The idea of Chinese Dining Etiquette has been floating around in my head recently, although I'm not sure why. I eat Chinese much less often now, let alone eat it in the restaurants at a big table.
Nevertheless, there are a few things I've picked up in my years dining as a Chinese American that I thought might be fun to share. I don't know the history of these things, but it might make you a little more confident should you garner an invitation to a Chinese banquet or home-cooked dinner.
- Lazy Susans are lots of fun, but as the dishes arrive, they are always spun to the guest of honor first. If you are sitting next to the guest of honor, you serve them a portion before you serve yourself. If there is no guest of honor, spin to the oldest person first. (And it always seems to spin clockwise, but don't tell me why. I think you can spin either way depending on which is more efficient.) Always look before you spin, as someone may be serving themselves or others and can be quite baffled if the dish is whisked away!
- NEVER NEVER NEVER take a full portion of a dish on the first round. For example, if there are 10 people at the table, you don't take 1/10 of the portion, like you might with an American meal. You take a small amount, probably a piece or two of each thing, then you go back for more after you've finished the first round. This is so that everyone gets to have their favorite bits first, and no one has to worry about the first person grabbing it all for themselves.
- Always use the serving utensils provided. If there aren't any available, it is acceptable to use the tops of your chopsticks instead. Switch back to the regular end when actually eating.
- Should a whole fish be served, someone experienced in the art of "deboning" the fish usually gently pushes aside the scallions and ginger, then uses the spoon to gently scrape the fish off the bones and cut into portion-sized pieces. You don't just scrape what you want off the bones and neglect the rest of it. Ask your waiter for help if no one in your party knows how to do it.
- When serving tea, serve those around you first. If you are served tea, you can silently indicate "thank you" by tapping a finger on the table next to the teacup twice.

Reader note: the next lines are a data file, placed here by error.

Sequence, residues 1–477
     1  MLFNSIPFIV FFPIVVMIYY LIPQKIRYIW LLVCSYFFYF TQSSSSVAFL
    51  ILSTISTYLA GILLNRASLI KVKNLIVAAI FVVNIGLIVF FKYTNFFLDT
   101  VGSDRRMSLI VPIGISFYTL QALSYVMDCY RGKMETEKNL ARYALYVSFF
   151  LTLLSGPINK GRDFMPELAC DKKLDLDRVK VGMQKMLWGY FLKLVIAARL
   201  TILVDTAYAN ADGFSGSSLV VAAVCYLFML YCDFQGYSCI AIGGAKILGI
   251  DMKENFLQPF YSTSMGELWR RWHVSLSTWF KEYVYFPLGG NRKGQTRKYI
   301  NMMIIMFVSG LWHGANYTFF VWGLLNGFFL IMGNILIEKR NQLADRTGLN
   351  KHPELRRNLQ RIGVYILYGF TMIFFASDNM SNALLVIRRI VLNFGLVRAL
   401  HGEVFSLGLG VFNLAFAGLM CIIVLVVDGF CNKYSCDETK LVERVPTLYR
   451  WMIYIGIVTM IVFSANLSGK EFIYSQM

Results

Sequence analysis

- Never season a whole dish with salt/pepper/soy sauce/hot sauce. However, you may season your own portion. Out of respect for the chefs / cooks, always taste before seasoning (that's my general rule for all dining though).
- Banquet menus sometimes don't include steamed rice. This is because the food is supposed to be rich, sumptuous and filling by itself. Fried rice or noodles may be served at the end as a course in itself. I'm not sure if it's okay to ask for steamed rice along the way.
- Bones should be removed from the mouth with chopsticks if possible. You can use fingers for seafood or bone-in pieces of meat, but the sign of an experienced chopstick-user is to use only chopsticks!
- Ice water is usually only served if you ask for it. Same with drinks, no one will hand you a menu or ask, it's up to you to inquire from your waiter.
- If the server is trying to clear a dish that has a few pieces of food left on it, don't be surprised if the host or someone near you sweeps it onto your plate. Don't worry, it's a compliment and you don't have to eat it, even though that wouldn't stop me!
Invitation to someone's home:
- As always, a guest should never show up empty-handed. A box of pastries (since Chinese are not known for desserts) or a bag of oranges (sign of good luck) are always welcome.
- Chinese events start on time, please do not be late.
- Chinese home cooks can be very self-deprecating. Even when serving their famous dishes, they can preface it by saying, "Oh, it's not as good as it usually is" or "Oh, it needs a little more XXX seasoning." This is your clue to forcefully jump in and say that it is quite delicious just the way it is (hopefully it is!).
- Again, soy sauce isn't a table condiment in Chinese homes, so please don't insult your host by pouring it all over your food before tasting it. And maybe, just once, your food doesn't need soy sauce!
- Soup can be served at the beginning or the end of the meal. Just roll with it.
I'm sure there's more I can babble about, but I think this is a good start. All this talk of Chinese banquets is making me hungry!